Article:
NEW YORK (Reuters Life!) - Ken Oringer owns five restaurants in Boston and each serves a different type of cuisine, ranging from his flagship Clio with high-end French food to recently opened Coppa and its casual Italian fares.
The 45-year-old chef said the choice of foods reflects his experience working and traveling around the world.
He spoke to Reuters about the Boston’s lively dining scene, his many restaurants and why he wants to cut down on travel.
Q: How would you compare Boston’s dining scene with other U.S. cities like New York and San Francisco?
A: “I think Boston has come a long, long way. In the last five years the city has made it a whole lot easier for some of the smaller operators to open some really funky mom-and-pop places. There are some really interesting places like Senegalese, Tibetan, all sort of Asian, Polish. It’s such a young, international city. It works to its advantage. The population is so small compared to New York, but there is a huge variety. Boston is pretty darn good and I would put it up against anybody.”
Q: Each of your restaurants serves a different kind of cuisine. Why?
A: “With Clio, which is over 13 years old, I didn’t want to become typecast for one type of food. When people had associated my name they had thought I was only into high-end, contemporary French cuisine. When I was looking at opening up other kinds of restaurants I would spend so much time traveling around the world and cooking around the world and obviously eating and loving all different kinds of cuisine. I was looking at the types of food I cook for friends, family and my staff.”
Q: What is the next cuisine you want to tackle?
A: “I would like to expand on the Japanese a little bit. I love ramen. It’s a dream of mine to own a ramen shop. It will be a down and dirty, Japanese style. There are so many Asian college students in Boston. There is also the taqueria, which I have outside of Fenway Park. I wouldn’t mind expanding on that. I love the food of Mexico. I love the casualness of the taqueria.”
Q: Would you open up a restaurant outside of Boston?
A: “I love Boston. I have had opportunities to go to New York, Las Vegas, Los Angeles, Miami and other places. I‘m kind of a control freak. I would like to have my hands in a project on a daily basis. I also just had a baby. I don’t want to be traveling too much at this point.”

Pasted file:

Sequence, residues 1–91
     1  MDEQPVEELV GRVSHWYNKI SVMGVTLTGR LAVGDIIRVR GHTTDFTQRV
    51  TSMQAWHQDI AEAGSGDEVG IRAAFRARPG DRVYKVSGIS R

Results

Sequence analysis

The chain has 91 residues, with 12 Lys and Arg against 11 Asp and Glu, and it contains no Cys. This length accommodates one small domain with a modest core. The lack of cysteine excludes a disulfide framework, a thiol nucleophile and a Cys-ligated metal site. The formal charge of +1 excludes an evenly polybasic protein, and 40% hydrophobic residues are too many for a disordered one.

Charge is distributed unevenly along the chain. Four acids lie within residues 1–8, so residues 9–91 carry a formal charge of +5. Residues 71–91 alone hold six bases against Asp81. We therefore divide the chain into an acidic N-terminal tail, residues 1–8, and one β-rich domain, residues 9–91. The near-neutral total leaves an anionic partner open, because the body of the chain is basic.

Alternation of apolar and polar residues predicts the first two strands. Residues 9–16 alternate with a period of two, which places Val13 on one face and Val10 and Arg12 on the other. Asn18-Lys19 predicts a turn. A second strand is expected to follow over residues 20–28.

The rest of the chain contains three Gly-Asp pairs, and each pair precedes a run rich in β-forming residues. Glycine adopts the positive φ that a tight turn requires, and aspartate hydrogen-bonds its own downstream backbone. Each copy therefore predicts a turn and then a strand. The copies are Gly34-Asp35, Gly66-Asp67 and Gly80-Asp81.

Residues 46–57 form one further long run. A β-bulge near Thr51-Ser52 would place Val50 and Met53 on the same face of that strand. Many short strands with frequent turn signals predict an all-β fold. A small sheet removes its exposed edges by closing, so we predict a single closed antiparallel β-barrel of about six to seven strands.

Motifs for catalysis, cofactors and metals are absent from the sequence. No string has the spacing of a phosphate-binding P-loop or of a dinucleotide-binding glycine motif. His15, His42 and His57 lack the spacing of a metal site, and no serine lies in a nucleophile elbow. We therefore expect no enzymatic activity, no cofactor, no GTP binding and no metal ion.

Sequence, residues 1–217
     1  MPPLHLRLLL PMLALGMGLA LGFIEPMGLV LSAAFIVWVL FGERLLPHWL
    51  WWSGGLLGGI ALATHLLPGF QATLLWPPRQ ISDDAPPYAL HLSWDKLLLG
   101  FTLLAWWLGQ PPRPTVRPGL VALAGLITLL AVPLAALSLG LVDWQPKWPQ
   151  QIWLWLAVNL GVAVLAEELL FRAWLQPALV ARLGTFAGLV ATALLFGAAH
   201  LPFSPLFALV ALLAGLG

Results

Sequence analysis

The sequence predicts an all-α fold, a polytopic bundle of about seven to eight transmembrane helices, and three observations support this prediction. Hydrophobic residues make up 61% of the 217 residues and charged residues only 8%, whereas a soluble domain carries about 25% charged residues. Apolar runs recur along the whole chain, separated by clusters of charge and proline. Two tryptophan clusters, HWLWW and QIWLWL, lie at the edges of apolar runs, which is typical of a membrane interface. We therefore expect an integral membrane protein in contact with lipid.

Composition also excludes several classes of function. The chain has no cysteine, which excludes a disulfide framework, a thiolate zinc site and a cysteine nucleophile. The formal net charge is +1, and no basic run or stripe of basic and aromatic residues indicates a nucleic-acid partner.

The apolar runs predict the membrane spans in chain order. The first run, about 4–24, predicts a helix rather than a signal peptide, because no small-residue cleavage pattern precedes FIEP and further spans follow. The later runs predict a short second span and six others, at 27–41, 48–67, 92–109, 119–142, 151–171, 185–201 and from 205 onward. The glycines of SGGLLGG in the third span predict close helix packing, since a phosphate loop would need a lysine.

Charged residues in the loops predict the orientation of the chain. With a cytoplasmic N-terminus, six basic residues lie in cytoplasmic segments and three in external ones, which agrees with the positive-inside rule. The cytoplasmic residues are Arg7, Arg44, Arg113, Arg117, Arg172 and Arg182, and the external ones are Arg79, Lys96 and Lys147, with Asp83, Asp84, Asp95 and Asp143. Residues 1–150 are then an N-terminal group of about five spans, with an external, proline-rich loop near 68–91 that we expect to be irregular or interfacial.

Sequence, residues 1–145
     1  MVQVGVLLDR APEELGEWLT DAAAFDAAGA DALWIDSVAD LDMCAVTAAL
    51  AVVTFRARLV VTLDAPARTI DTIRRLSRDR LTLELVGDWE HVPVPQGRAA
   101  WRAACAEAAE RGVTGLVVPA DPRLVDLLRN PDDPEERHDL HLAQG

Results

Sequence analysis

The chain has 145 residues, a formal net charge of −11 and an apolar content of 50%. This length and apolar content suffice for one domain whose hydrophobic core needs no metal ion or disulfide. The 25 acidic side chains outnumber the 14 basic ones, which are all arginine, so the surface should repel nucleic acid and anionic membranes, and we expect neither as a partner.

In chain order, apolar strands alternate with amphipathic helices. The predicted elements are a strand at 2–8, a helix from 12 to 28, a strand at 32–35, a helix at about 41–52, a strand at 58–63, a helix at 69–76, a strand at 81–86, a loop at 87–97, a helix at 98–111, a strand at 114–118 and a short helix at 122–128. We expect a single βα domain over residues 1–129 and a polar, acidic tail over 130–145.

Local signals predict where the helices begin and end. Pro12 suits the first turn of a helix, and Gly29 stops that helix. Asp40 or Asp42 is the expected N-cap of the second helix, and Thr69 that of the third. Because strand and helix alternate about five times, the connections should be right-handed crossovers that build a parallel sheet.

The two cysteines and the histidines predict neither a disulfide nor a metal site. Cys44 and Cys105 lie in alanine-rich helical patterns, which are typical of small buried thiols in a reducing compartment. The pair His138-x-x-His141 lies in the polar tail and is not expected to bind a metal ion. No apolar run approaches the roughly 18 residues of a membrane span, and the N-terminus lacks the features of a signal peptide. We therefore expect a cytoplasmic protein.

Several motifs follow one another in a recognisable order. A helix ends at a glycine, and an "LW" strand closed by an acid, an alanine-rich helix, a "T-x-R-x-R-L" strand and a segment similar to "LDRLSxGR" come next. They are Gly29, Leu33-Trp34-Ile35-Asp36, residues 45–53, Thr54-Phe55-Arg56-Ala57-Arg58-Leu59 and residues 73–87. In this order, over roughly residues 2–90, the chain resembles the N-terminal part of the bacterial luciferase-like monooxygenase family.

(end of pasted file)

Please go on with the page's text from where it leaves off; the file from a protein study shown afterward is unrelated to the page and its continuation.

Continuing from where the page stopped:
Q: You own so many different types of restaurants. What do you eat when you go out?
A: “The types of restaurants I like going to tend to be ethnic. I would much rather have Korean barbecue and some Vietnamese crepes with mung beans and dried shrimps. The more flavorful, the more spice, the more ethnic the better.”
Cassolette of Sea Urchin and Lobster
2 cups milk
1/2 lb parsnips, peeled and cut into 1/4-inch discs
2 tsp honey
3 oz water
2 tsp lemon juice
1 lb butter, room temperature
Salt to taste
1 cup sugar
1 cup water
1 ea lemon skin
8 oz sea urchin roe, cleaned
4 oz cooked lobster meat, chopped
1 tsp sea beans blanched and finely chopped
1 tsp jalapeno pepper, diced very small
1/2 tsp anchovy fillets, chopped very fine
Espelette pepper to taste
Soy sauce to taste
Lemon juice to taste
Salt to taste
Chives, hopped for garnish
Korean long pepper threads for garnish
Fried shallot for garnish
Espelette pepper for garnish
1. Make parsnip milk
In a small pot combine the milk, parsnips and honey, and bring to a simmer over medium heat. Allow the flavor to infuse in the warm place for 2 hours. Strain into a medium bowl and cool.
2. Make beurre monte
In a small saucepan, bring water and lemon juice to boil. Remove from heat and slowly add butter. Emulsify with hand blender. Season with salt and reserve in a warm place.
3. Make preserved lemon
In a small saucepan, combine sugar and water. Bring to boil. Turn heat to low. Add lemon skin. Cook slowly until lemon is semi-transparent, about 10 minutes. In a medium-size pot over very gentle heat, combine 6 oz parsnip milk. Add sea urchin roe, lobster meat, sea beans
Reporting by Richard Leong; Editing by Patricia Reaney